It took a while to really kind of — you know, that boulder of like an existential sci-fi thing, to craft that into something people actually want to read. [Laughs] To add that popcorn fiction element to it took a while, but once I got those piece into place and had that marriage between, “Okay, here’s the things I want to do thematically. Here’s the things I want to do a story that’s cool and make it work.” It all kind of developed from there, and it’s been fun. “Roche Limit’s” like my baby — besides like my actual, real baby, you know. [Laughs] It’s my book baby.
On talking with “Roche Limit” screenwriter Seth Sherwood and getting used to the Hollywood process:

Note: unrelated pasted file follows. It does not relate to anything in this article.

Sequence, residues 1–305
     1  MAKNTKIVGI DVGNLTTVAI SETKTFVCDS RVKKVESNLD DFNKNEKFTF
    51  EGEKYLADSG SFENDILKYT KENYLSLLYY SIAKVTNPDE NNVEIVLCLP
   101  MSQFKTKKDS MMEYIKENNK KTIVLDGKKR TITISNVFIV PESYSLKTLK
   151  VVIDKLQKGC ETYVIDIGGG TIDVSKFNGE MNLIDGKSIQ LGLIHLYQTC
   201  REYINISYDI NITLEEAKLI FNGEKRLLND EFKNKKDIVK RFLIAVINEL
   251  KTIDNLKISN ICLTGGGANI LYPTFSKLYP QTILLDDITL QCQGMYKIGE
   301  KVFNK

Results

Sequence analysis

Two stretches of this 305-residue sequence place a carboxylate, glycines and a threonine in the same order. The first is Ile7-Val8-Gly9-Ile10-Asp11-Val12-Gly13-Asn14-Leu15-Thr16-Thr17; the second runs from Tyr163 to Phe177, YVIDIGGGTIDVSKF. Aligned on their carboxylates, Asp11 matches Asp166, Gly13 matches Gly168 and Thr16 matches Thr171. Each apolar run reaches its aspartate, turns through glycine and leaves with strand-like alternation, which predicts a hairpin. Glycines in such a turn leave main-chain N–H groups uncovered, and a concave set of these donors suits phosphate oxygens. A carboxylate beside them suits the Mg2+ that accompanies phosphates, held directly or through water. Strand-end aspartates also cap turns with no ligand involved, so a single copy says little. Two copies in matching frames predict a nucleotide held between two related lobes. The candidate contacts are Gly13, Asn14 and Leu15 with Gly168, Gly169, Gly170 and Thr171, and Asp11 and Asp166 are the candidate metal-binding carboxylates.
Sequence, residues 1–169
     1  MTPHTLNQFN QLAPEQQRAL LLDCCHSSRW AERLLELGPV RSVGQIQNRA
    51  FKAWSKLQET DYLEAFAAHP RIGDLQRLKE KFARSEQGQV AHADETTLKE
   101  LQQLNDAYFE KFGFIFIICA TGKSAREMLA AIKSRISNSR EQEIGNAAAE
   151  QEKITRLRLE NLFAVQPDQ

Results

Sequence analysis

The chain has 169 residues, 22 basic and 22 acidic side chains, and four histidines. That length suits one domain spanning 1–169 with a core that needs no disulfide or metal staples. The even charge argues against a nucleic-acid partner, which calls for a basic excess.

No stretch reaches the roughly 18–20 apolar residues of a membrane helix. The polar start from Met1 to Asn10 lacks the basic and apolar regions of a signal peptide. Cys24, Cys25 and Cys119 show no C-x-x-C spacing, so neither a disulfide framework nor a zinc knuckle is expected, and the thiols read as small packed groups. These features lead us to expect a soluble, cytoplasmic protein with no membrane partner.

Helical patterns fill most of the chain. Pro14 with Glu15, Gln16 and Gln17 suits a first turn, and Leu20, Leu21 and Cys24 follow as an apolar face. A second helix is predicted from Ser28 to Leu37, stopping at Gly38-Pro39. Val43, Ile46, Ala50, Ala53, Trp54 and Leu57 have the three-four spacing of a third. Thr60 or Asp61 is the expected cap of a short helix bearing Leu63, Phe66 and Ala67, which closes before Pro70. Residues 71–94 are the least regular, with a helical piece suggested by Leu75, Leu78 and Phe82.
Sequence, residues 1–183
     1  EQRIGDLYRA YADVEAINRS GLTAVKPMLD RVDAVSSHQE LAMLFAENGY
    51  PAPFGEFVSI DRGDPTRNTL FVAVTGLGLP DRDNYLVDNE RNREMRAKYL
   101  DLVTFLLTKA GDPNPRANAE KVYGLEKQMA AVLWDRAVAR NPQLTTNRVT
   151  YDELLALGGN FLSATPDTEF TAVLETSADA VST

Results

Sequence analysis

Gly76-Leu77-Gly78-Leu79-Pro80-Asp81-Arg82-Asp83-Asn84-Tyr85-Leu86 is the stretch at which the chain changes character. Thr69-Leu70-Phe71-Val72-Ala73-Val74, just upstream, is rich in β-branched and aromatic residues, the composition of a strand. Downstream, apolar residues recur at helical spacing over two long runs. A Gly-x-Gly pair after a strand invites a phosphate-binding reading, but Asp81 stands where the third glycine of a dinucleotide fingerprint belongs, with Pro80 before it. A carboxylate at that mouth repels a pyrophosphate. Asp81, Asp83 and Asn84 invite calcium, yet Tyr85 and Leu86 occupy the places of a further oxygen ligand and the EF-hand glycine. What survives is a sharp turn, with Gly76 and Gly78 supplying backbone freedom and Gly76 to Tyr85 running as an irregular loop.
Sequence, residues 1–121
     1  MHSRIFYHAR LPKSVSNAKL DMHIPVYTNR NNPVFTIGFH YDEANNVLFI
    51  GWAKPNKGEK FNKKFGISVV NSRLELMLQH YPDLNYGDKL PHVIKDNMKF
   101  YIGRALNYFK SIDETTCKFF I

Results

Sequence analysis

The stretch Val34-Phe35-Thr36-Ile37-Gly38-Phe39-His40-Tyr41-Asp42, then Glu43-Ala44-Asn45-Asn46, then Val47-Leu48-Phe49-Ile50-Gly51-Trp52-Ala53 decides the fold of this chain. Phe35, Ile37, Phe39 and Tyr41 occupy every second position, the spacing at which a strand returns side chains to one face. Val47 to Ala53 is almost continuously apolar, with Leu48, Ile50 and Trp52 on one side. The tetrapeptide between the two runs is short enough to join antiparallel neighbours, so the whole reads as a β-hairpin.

I’m such a like novice to like the Hollywood — how those interactions between Hollywood and comics happen. And I do kind of here these like nightmarish stories, “Oh, they’re gonna take your thing, it’s gonna be something totally different.” I’ve had experiences now with “Hoax Hunters” with Craig — and he’s been awesome in talking, being like, “So what do you think about this?” It’s so weird, I’m like, “I dunno, just do what you want, man. [Laughs] You write ‘Agents of S.H.I.E.L.D.'” And the same thing with Seth. Seth and I have talked on the phone a lot. We met just a few days ago and he’s always been so very careful about the decisions he makes and, if he’s gonna make a change, explaining why he makes it and what he thinks about it. The one thing he’s made really clear, and it’s been really cool, is he really gets the property and like explained why he loves it. Like me, he’s a sci-fi nerd and loves “Mass Effect” and loves Asimov and loves all that stuff. We share very similar sensibilities so it’s cool that he’s working on that because he super, really really gets it. We’ve had like some pretty close contact in developing this stuff. Obviously, when the time comes, he’s the guy at the helm for this, so final decisions are gonna belong to Seth and I can look at that go, “I’m totally comfortable with that, because I know that he’s gonna do the right things, and what changes need to be made. Because there needs to be changes, without question. If you made “Roche Limit” the comic into a direct movie, it would be a mess. [Laughs] It’s a messy book, and it’s meant to be a messy book. I think that he will like have the sensibilities to bring that to where it needs to go.